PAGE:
A small ivory comb first discovered in 2017 in Israel has revealed a further surprise: the first-ever engraving of a whole sentence in Canaanite.
The world today would be unrecognizable without the alphabet; in fact, we like the idea so much, that we’ve developed several of them over the centuries in various parts of the world. Through that process, we’ve lost touch with older alphabets, as they evolved into the shapes and signs we use today. However, an ivory comb discovered over 5 years ago in Israel is giving us one of our best glimpses of the Canaanite alphabet, the first true alphabet ever anywhere on the planet, and one that stood the test of time and is still in use today.
The comb bears an inscription, a full sentence, engraved in shallow marks over its surface. Although fragments of Canaanite script have been found in other parts of the Land of Israel, these are exceedingly rare, and only isolated words remain readable. As such, this is our first true glimpse of a whole sentence written by the Canaanite peoples. The inscription is most likely a spell against lice, although it could be interpreted as instructions on how to use the comb.
To ward off lice
“This is the first sentence ever found in the Canaanite language in Israel. There are Canaanites in Ugarit in Syria, but they write in a different script, not the alphabet that is used till today,” explains Yosef Garfinkel, a Professor of Prehistoric Archaeology and of Archaeology of the Biblical Period at the Hebrew University of Jerusalem (HU) and corresponding author of the paper.
“The Canaanite cities are mentioned in Egyptian documents, the Amarna letters that were written in Akkadian, and in the Hebrew Bible. The comb inscription is direct evidence for the use of the alphabet in daily activities some 3700 years ago. This is a landmark in the history of the human ability to write.”
The comb, fashioned from ivory, was first found at the Tel Lachish site, an ancient Canaanite and Israelite city in the Shephelah region of Israel, in 2017. However, it wasn’t until 2022 that Dr. Madeleine Mumcuoglu at HU noticed the shallow inscription during post-processing of the artifact. This inscription is made up of 17 individual letters in the archaic Canaanite form, the earliest developmental stage of the script. Put together, these form seven words.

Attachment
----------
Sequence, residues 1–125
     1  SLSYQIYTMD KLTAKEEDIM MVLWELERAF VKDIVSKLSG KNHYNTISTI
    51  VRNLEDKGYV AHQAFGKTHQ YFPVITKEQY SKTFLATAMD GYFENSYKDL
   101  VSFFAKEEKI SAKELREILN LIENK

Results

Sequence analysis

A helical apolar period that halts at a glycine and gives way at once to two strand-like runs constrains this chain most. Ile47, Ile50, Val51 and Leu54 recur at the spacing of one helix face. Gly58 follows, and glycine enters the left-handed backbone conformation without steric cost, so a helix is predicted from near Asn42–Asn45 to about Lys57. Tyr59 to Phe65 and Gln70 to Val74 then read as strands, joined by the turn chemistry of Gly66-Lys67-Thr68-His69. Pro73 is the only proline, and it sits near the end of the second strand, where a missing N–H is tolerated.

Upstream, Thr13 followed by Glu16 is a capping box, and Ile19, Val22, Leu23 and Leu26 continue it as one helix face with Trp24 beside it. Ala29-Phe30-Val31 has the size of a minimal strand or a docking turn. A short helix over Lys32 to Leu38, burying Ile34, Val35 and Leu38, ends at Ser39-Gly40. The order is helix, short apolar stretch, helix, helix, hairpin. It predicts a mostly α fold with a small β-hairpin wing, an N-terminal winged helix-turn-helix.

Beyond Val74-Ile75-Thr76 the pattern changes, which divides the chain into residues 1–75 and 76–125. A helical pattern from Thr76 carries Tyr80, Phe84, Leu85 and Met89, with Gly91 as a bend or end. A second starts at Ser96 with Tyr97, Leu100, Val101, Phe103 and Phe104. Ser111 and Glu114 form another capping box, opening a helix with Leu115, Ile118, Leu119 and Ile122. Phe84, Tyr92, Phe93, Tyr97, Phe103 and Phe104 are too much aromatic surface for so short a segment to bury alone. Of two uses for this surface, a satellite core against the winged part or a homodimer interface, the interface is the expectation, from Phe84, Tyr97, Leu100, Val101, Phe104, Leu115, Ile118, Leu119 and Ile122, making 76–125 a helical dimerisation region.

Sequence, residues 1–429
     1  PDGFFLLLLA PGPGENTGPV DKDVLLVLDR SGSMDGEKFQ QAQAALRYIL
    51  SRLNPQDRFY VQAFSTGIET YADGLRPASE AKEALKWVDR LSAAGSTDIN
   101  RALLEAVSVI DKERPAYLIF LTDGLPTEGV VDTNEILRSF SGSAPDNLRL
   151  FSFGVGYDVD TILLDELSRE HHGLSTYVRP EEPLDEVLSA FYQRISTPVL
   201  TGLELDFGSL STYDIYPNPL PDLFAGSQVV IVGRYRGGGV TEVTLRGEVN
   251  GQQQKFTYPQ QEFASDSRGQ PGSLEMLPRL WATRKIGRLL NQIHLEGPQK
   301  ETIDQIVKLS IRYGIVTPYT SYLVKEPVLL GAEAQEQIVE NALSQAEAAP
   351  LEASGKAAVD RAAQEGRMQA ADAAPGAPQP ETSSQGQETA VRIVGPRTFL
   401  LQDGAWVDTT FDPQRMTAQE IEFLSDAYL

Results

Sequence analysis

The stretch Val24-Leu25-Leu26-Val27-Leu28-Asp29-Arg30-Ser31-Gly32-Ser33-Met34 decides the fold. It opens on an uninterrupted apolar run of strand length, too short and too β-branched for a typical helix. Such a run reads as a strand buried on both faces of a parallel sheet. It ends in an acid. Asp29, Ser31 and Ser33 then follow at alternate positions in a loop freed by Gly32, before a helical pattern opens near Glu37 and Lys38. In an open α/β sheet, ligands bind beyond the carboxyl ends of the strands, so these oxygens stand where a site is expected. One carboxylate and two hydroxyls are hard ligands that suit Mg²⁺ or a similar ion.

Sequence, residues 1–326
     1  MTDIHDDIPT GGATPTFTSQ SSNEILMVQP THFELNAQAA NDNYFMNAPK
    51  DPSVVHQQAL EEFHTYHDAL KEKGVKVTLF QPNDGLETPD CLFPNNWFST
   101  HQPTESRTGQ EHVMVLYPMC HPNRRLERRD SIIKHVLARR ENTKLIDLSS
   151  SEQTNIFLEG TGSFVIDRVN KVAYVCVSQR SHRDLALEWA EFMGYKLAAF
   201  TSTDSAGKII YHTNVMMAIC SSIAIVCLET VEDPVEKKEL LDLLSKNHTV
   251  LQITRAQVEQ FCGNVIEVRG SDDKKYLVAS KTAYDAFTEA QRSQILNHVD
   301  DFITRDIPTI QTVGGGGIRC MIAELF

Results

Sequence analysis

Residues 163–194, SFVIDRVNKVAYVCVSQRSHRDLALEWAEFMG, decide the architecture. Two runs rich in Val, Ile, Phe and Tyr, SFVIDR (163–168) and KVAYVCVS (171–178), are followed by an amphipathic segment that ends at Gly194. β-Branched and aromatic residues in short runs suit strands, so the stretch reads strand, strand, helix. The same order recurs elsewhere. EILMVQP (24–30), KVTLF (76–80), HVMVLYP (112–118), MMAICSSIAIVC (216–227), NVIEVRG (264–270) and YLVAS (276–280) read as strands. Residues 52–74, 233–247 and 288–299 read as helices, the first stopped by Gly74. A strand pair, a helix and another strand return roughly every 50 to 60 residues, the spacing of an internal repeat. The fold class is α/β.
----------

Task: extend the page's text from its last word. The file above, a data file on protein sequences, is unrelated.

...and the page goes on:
The inscription, according to semitic epigraphist Dr. Daniel Vainstub at Ben Gurion University (BGU), reads: “May this tusk root out the lice of the hair and the beard.”
Although it doesn’t sound like much, the inscription goes a long way to filling some of the gaps in our understanding of the Canaanite culture during the Bronze Age. This is the first instance of a full verbal sentence in a dialect spoken by the Canaanite people living in and around Lachish, which gives us the chance to compare it against dialects from other areas. The small size of the letters (1-3 mm wide), together with the fact that the engraver managed to carve them out in high quality (good definition allowing for them to be read easily) provides us valuable context regarding the literacy levels achieved in Canaan in the Bronze Age.
Apart from language, the comb also helps us better understand some aspects of daily life at the time, namely hair care and how people dealt with lice.
As far as combs go, this one is quite small. It measures roughly 3.5 by 2.5 centimeters (1.3 by 1 inch), and sported teeth on both sides. We know this because their bases are still visible, although the teeth themselves have broken off. The central piece of the comb is relatively eroded, likely by repeated use over the years. One side of the comb came with 6 thick teeth and was likely used to untangle knotted hair. The other came with 14 teeth, and was likely used to remove lice and live eggs — not dissimilar to how modern combs are used.
Ivory was a rare and expensive material, seen in goods imported from outside of the area, as there were no elephants in Canaan 3,700 years ago, around the time when the comb was produced. More common materials for combs included wood and bone. This comb was probably manufactured in Egypt and brought to Cannan as a luxury item, showcasing that even the higher classes had to contend with lice.
Speaking of which, the team analyzed the comb itself to check if any lice were present on the surface. They report finding the remains of some louse heads, of around 0.5-0.6 mm in size, on the base of the second tooth in the 14-tooth row. Due to the climate of the area around Lachish, however, only the outer chitin membrane of the lice was preserved.
Lachish was one of the most important Canaanite city-states in the second millennium BC, the team explains, and the second-most important city in Judah (a kingdom mentioned in the Bible). More Canaanite inscriptions have been found in Lachish than at any other site in Israel, a testament to it being the major center for the use of the alphabet from 1800 to 1150 BC. The site is currently under conservation with the Israel Nature and Parks Authority.
The paper “A Canaanite’s Wish to Eradicate Lice on an Inscribed Ivory Comb from Lachish” has been published in the Jerusalem Journal of Archaeology.